The modern look isn’t just related to the legs – it also has to do with the relatively thin bezels around the top and sides of the display. The bezels are only a little more than a quarter of an inch thick, and while the bottom bezel is a little thicker, it doesn’t look out of place. The panel itself is thin too. At its thickest, towards the bottom of the TV, it comes in at around three inches – but at the top it’s a lot thinner, and it generally looks very slim considering the tapered design.

Port-wise, the TV is pretty capable. There are a total of four HDMI ports, including one with ARC, two USB ports for both power and local media, an optical output, a 3.5mm audio output, an ethernet port, and a composite input. With four HDMI inputs, you should be able to connect all your devices, including gaming consoles and external streaming players. With an Apple TV 4K, PlayStation 4, and Nintendo Switch, we had more than enough ports – and we’re betting most others will too.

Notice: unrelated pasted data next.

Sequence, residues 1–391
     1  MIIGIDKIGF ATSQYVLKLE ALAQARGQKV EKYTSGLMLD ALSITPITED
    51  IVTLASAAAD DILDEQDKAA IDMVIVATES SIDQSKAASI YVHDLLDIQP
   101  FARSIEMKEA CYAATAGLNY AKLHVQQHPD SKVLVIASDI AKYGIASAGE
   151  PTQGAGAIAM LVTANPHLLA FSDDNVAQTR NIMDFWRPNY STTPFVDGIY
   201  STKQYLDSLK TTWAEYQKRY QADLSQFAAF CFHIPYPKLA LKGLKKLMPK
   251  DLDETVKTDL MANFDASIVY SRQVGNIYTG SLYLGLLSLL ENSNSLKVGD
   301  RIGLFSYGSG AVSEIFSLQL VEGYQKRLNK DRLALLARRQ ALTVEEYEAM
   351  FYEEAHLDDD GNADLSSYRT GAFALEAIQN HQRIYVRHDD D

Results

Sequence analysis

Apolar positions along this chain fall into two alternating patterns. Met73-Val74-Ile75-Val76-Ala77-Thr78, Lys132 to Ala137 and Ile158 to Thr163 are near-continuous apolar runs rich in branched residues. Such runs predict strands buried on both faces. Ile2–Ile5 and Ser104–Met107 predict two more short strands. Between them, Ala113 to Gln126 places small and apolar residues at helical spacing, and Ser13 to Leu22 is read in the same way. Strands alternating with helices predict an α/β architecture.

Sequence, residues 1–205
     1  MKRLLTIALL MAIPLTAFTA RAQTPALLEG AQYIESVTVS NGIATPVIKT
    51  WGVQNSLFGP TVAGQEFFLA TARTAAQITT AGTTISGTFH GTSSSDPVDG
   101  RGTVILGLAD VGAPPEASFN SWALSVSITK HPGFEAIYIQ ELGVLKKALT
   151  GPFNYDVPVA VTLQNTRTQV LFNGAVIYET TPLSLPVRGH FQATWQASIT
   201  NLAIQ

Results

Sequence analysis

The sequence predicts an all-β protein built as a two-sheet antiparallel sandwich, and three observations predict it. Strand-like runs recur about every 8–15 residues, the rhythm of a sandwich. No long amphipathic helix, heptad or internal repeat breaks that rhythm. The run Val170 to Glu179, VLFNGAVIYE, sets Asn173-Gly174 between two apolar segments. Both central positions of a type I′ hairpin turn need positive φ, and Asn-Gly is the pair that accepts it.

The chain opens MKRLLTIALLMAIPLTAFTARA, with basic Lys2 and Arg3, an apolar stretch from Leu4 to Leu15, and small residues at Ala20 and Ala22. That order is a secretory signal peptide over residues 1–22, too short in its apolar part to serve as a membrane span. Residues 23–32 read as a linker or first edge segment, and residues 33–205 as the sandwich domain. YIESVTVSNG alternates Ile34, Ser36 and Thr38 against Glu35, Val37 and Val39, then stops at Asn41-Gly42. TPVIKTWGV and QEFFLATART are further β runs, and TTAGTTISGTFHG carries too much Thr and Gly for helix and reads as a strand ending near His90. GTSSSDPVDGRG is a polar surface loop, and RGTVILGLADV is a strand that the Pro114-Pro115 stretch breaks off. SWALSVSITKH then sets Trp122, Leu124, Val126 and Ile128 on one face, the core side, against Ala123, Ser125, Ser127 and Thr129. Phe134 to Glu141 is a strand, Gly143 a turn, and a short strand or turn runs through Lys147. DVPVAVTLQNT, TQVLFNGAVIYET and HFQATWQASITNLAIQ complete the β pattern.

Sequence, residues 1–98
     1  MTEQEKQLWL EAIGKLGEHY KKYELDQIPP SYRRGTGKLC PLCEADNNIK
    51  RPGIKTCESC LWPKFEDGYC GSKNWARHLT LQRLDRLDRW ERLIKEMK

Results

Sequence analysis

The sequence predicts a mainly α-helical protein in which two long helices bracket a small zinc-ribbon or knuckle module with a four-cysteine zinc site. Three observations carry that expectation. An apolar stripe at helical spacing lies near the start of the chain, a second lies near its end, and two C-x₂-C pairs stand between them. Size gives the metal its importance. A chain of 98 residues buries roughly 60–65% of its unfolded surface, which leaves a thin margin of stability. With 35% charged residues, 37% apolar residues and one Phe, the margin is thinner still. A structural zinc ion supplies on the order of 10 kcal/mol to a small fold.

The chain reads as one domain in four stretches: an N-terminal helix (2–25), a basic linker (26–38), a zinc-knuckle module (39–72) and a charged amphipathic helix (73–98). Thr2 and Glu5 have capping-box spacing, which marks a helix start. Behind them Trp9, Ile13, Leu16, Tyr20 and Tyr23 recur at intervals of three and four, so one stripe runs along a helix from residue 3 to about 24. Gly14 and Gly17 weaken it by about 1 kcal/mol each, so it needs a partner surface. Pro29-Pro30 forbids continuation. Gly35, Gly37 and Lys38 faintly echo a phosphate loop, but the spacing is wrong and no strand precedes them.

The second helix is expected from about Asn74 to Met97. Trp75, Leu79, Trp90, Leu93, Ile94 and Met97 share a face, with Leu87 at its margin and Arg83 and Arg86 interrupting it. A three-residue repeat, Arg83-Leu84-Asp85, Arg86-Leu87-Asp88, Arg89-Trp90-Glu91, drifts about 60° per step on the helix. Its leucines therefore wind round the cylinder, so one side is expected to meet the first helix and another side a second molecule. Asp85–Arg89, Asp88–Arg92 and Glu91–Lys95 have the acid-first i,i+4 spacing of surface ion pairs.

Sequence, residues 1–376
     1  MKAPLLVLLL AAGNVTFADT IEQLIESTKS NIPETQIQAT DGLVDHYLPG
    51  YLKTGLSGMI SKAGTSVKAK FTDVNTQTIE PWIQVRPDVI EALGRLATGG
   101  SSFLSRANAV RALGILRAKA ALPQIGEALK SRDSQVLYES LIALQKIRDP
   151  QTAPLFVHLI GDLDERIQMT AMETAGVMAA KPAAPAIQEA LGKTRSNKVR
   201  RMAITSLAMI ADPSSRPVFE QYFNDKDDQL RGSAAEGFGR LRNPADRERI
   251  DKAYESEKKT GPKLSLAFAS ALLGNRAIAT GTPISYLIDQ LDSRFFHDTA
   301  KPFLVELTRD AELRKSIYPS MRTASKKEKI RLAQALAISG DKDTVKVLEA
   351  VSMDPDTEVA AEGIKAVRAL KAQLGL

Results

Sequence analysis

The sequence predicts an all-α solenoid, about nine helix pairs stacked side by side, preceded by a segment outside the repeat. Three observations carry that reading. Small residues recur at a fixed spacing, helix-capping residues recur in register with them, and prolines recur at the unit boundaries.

We’re reviewing the 65-inch model of the TV, but it’s also available in a 55-inch model, which will be more appropriate for most small to mid-sized living rooms. Even as someone who regularly reviews large TVs, 65 inches can get a little unwieldy, so make sure to measure out your space before buying.

The remote that comes with the Hisense H9F is fine, but it looks dated in a world of ultra-simple remotes like the Apple TV 4K’s. The remote features everything you would need, including channel controls, software controls for Android TV, and a Google Assistant button, which is a nice touch. There are quick-access controls for some popular apps too, including Netflix, YouTube, Google Play, and Vudu. The remote generally worked fine, and you’ll get used to using it – even if it’s a little boring. 

(Image credit: Hisense)

Smart TV (Android TV)

If you buy a Hisense TV, you’ll be getting a TV with one of two operating systems – either Roku, or Android TV. This is one of the Android TV models. For some, that will be good news – for others, the opposite. 

While Android TV in general is a little divisive, it has gotten better over the past few years. Currently, Android TV is laid out with a row of apps at the top, and rows of content from each app below that. It’s not a bad setup, though there’s a lot to take in all at once. As you would expect from a major TV operating system in 2019, you’ll be able to download all your favorite streaming apps. Android TV, however, also benefits from the behemoth that is the Google Play Store, giving you access to plenty of apps that you may not find on platforms like Apple’s tvOS or Roku.